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|Title:||Dengue infection during pregnancy and transplacental antibody transfer in Thai mothers|
James E.G. Bunn
Bernard J. Brabin
Pontificia Universidad Catolica de Chile
Liverpool School of Tropical Medicine
|Citation:||Journal of Infection. Vol.51, No.4 (2005), 287-293|
|Abstract:||Objectives. The objectives of this study were to estimate dengue seroprevalence in a population of Thai pregnant women, living in a highly endemic area and placental transfer of dengue antibodies. Methods. A cross-sectional seroprevalence study of 245 pregnant women at delivery. Results. Dengue HAI antibodies were positive in 94.7%. Maternal age was the only risk factor associated with dengue infection as older mothers (>20 years) were significantly more likely to be seropositive than younger women (p<0.0001). Cord antibody titres varied with maternal age and antibody titre, were significantly higher in babies born to younger mothers (<20 years) (p=0.01), and were significantly correlated with maternal titre. Low birthweight babies had lower transfer ratios for DEN-2 antibody (1.06) compared to heavier babies (1.36, p=0.05). No mother or neonate had dengue IgM detected. Two women were classified as recently, but not currently infected with dengue virus and we consider it likely these were first trimester infections. As no infant became infected the fetal infection was 0%. Conclusions. Younger mothers were more likely to have been recently infected, resulting in higher antibody titres. Maternal dengue antibody transfer was proportional to maternal antibody concentration. © 2004 The British Infection Society. Published by Elsevier Ltd. All rights reserved.|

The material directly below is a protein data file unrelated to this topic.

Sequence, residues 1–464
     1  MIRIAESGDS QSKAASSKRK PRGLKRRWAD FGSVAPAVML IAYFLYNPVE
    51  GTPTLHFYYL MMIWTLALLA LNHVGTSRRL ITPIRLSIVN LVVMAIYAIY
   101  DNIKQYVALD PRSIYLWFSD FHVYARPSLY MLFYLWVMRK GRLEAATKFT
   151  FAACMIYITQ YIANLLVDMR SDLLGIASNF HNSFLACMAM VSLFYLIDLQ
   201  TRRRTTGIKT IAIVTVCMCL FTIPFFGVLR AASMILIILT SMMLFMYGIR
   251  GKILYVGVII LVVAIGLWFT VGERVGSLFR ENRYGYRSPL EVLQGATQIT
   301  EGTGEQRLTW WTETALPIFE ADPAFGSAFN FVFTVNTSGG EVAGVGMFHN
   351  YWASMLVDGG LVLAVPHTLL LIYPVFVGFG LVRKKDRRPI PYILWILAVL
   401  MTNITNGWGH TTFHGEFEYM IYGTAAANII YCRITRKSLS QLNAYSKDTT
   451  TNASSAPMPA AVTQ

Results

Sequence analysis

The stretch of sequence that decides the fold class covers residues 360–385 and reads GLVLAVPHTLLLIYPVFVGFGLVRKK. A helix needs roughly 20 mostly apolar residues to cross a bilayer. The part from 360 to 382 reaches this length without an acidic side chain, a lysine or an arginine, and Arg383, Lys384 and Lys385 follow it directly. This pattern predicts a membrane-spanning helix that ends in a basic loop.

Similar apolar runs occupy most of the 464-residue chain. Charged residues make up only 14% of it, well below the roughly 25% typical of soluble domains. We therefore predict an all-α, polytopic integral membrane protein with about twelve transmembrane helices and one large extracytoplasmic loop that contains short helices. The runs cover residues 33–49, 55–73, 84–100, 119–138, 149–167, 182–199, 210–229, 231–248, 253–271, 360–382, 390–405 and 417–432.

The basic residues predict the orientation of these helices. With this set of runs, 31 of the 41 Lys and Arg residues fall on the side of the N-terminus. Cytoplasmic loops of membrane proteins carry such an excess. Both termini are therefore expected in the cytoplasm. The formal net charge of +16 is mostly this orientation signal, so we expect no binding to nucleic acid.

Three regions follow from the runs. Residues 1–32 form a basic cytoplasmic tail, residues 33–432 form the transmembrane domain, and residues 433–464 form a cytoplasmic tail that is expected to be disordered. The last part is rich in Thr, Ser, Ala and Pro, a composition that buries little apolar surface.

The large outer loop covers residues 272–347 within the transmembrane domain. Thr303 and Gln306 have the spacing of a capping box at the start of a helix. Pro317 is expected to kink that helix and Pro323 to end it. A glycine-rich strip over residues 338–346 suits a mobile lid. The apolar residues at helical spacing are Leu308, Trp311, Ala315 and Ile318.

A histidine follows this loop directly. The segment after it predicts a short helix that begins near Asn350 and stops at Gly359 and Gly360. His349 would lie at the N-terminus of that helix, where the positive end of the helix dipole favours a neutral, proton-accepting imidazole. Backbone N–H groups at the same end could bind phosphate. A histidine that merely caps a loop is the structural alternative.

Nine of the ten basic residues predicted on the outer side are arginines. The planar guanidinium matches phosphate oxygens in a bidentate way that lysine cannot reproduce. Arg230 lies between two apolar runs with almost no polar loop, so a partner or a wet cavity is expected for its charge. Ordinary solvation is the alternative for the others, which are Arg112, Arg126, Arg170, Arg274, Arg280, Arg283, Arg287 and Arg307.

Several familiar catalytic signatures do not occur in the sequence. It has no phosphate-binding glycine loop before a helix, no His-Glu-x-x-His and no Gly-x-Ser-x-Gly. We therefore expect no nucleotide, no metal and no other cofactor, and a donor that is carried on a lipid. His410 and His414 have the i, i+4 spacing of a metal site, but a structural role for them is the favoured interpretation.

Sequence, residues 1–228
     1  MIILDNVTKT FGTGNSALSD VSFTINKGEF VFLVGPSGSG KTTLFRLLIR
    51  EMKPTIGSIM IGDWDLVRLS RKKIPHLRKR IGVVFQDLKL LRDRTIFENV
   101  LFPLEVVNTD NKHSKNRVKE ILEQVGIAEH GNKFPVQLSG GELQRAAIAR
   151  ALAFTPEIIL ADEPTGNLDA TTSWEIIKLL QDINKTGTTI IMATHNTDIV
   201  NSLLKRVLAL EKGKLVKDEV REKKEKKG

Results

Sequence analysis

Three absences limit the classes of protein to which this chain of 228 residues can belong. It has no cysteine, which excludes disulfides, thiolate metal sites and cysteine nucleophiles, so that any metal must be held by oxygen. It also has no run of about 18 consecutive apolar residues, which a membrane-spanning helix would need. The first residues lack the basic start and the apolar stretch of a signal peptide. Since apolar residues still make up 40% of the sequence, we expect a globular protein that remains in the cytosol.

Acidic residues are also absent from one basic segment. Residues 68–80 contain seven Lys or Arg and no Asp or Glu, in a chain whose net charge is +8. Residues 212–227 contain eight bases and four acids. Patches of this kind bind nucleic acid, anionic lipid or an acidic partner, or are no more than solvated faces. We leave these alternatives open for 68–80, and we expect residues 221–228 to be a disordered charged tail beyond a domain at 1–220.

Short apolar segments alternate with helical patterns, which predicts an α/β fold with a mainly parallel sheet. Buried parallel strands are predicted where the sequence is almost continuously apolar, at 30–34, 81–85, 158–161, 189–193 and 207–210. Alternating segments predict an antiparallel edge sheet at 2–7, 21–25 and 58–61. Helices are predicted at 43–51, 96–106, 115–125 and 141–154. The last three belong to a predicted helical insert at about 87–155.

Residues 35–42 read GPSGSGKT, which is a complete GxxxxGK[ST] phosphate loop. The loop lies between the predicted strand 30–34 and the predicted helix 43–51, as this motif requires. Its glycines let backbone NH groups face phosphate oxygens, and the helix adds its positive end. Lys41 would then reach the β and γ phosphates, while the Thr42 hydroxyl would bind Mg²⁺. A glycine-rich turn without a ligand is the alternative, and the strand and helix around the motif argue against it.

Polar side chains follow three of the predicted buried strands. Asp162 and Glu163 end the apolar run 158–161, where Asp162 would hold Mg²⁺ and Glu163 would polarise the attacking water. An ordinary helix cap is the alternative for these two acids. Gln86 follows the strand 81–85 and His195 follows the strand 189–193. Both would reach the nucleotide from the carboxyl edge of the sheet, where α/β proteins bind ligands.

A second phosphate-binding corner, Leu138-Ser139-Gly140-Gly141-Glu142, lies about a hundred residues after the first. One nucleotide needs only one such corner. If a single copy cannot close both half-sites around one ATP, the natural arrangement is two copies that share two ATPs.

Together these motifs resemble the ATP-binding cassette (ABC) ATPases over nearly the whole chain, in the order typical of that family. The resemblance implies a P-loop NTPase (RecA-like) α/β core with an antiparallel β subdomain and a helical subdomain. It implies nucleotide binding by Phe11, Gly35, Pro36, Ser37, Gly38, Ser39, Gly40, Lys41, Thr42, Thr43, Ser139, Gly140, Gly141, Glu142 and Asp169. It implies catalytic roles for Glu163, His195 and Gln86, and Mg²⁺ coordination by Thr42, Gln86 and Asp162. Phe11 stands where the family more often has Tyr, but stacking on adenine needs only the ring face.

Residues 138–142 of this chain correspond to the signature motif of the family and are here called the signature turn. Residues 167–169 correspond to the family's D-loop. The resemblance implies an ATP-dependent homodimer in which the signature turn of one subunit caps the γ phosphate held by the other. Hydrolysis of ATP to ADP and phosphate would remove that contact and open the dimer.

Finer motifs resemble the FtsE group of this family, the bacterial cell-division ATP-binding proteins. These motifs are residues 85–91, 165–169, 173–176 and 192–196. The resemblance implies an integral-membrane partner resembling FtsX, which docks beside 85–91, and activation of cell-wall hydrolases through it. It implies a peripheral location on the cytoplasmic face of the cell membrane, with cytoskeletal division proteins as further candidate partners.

|Appears in Collections:||Scopus 2001-2005|
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